The outcome of the research will be technologically-driven design strategies to engineer solutions and ideas to find sweet spots for these opposing demands. This study will have a strategic impact on the improvement of all aspects of air travel.
Research questions include:
– The pick-up and drop-off at airports always seem like they are an inconvenience. How can this process be more pleasant and allow for better time management?
– How can we have high security and still ensure that the experience is pleasant? What are the psychological factors that affect this experience, and how can we address these with different design strategies?
– Long lines are unavoidable in any complex system that can have bottlenecks. How can we shorten wait lines/times or create the perception of shorter waiting?
– It has been used as a joke that the first suitcase on the conveyor belt belongs to no one. How can we improve the luggage distribution or the experience of waiting at the carousel? Could we implement simple technologies that track luggage proximity and prompt the passenger?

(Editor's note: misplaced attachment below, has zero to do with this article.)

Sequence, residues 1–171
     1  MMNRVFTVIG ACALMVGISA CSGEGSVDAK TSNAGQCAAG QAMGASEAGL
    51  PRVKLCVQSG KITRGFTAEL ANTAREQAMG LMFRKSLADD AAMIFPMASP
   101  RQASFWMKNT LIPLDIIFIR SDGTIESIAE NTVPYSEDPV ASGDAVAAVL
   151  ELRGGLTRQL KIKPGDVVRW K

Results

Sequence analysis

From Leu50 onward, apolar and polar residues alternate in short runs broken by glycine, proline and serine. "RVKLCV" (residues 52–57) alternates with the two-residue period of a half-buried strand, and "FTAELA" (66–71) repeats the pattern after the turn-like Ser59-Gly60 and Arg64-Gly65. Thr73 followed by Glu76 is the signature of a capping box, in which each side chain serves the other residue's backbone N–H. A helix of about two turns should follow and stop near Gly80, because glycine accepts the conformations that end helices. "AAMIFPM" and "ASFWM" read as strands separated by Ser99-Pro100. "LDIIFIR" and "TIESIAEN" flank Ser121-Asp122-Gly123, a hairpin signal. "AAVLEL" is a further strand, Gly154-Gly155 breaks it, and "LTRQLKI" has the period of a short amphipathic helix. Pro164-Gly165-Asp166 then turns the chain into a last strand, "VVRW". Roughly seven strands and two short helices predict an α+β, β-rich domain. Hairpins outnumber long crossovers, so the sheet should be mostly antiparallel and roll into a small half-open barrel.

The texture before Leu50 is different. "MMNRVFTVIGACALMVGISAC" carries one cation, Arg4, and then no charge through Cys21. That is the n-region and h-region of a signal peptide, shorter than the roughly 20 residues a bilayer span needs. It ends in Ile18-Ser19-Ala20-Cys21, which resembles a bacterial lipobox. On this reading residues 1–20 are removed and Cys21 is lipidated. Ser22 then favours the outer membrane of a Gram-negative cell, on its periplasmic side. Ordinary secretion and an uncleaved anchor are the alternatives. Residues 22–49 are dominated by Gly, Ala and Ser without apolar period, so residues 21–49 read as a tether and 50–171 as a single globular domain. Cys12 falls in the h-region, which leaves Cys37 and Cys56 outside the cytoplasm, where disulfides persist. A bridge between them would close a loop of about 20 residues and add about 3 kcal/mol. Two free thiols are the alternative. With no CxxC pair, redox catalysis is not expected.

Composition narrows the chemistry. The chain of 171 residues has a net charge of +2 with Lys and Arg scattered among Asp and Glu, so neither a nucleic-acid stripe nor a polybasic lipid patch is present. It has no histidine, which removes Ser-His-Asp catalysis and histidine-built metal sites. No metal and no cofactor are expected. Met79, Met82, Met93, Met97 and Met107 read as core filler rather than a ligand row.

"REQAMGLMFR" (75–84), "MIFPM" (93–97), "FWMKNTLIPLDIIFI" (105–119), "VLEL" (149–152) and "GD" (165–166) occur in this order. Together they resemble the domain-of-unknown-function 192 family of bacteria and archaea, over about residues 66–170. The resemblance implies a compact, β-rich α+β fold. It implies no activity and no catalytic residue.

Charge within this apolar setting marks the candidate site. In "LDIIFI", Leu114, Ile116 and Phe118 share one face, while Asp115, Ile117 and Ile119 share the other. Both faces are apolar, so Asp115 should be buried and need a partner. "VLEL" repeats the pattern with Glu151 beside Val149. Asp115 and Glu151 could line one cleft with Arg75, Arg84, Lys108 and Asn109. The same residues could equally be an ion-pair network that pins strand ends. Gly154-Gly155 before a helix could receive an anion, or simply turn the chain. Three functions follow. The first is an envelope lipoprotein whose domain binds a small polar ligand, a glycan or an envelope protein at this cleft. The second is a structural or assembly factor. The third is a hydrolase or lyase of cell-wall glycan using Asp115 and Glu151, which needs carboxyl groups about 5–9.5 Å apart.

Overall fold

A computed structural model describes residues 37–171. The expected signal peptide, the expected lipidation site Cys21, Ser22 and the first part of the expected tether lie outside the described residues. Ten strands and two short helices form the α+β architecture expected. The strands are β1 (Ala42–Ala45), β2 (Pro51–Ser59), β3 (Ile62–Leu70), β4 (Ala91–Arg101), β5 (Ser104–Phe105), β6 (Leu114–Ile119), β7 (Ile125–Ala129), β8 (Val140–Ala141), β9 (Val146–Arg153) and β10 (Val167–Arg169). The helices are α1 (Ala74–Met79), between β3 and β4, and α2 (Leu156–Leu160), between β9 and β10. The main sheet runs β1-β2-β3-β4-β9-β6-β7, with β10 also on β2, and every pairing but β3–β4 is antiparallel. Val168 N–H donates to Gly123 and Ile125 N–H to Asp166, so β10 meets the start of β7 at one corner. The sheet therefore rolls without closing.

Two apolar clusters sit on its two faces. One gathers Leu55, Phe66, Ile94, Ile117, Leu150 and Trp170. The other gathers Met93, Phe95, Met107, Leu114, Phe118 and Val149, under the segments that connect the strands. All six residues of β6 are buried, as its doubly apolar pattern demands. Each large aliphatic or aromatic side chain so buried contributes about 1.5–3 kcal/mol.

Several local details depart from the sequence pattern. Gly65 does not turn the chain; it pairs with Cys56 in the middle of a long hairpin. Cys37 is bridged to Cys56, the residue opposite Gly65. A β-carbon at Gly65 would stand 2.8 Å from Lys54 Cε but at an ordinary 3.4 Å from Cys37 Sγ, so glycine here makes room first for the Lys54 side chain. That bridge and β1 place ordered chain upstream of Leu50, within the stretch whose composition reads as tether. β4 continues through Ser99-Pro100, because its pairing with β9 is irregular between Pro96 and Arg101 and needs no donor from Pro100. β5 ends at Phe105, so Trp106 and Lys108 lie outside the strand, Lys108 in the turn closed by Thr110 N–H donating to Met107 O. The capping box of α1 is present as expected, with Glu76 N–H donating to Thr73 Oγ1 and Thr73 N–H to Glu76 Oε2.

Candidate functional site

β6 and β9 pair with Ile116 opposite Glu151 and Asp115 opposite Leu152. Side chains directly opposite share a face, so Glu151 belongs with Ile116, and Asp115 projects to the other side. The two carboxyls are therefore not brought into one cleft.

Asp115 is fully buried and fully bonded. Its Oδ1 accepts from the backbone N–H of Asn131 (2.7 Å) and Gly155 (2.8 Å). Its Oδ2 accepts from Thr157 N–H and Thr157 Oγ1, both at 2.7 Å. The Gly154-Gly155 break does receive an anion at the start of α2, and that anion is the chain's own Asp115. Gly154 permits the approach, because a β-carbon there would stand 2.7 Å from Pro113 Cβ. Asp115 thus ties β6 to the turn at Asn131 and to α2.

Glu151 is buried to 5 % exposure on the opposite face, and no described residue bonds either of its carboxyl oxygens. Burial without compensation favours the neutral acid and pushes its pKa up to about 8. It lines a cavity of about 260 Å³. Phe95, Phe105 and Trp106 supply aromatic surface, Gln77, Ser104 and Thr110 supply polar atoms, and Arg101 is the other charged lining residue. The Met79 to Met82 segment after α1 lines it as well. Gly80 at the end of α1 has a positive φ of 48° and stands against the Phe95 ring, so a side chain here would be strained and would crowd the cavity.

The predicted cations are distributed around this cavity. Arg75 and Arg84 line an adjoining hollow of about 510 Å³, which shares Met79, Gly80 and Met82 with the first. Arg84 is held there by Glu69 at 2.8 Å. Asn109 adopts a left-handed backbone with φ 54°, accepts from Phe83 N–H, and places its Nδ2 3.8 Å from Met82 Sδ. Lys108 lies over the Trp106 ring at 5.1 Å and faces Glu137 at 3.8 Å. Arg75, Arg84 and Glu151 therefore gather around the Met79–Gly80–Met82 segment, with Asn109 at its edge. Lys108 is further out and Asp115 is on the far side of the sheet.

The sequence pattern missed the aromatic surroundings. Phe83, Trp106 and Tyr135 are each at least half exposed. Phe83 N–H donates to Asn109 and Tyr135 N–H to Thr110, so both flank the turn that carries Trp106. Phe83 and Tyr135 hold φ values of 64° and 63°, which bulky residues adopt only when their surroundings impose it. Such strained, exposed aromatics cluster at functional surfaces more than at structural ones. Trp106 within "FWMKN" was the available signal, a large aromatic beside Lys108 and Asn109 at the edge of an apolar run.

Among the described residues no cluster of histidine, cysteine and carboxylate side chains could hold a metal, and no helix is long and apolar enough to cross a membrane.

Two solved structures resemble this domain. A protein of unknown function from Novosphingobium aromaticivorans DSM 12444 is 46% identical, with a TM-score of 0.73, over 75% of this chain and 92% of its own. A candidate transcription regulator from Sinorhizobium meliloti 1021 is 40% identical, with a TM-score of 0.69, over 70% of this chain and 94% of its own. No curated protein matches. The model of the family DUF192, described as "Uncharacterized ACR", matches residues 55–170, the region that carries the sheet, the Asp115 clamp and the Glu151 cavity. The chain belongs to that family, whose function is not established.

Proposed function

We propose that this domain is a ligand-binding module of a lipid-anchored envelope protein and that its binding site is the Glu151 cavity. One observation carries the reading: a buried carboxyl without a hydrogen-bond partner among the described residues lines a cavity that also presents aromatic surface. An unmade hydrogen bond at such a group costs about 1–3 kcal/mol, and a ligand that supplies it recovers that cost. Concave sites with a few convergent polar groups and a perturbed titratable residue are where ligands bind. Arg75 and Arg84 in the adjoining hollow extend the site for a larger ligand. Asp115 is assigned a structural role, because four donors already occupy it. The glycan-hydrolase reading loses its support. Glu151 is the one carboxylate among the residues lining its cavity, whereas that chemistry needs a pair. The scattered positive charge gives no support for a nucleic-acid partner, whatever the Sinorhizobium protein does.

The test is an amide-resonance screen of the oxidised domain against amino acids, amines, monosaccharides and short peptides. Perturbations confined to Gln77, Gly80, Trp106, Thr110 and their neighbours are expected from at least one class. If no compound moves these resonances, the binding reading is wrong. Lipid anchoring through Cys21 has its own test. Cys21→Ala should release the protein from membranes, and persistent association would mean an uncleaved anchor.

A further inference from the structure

– Lack of information and communication can cause unnecessary anxiety. How can we design for seamless communication and optimal levels of awareness?
– When a passenger lands in a new airport, the lack of situational awareness can result in high levels of frustration. How can we use new technologies and new materials to address this issue? How do we improve wayfinding in airports, especially during renovation and retrofitting projects?
– What can be a sweet spot between predictability and pleasant surprises when it comes to designing the airport experience?
B. Systemic Approach: Infrastructures, Networks and Urban Impact
Airports and air travel have massive impacts on cities and on the flow of people, material goods, and energy resources. In some cases the growth of cities and tourism is purely attributed to new destinations adopted by airlines, and conversely the growth of cities can cause large strains on air travel.
This research track will look at the relationship of the airport to the city and its impact on the urban dynamics, transportation systems and physical spaces of the city-airport environments.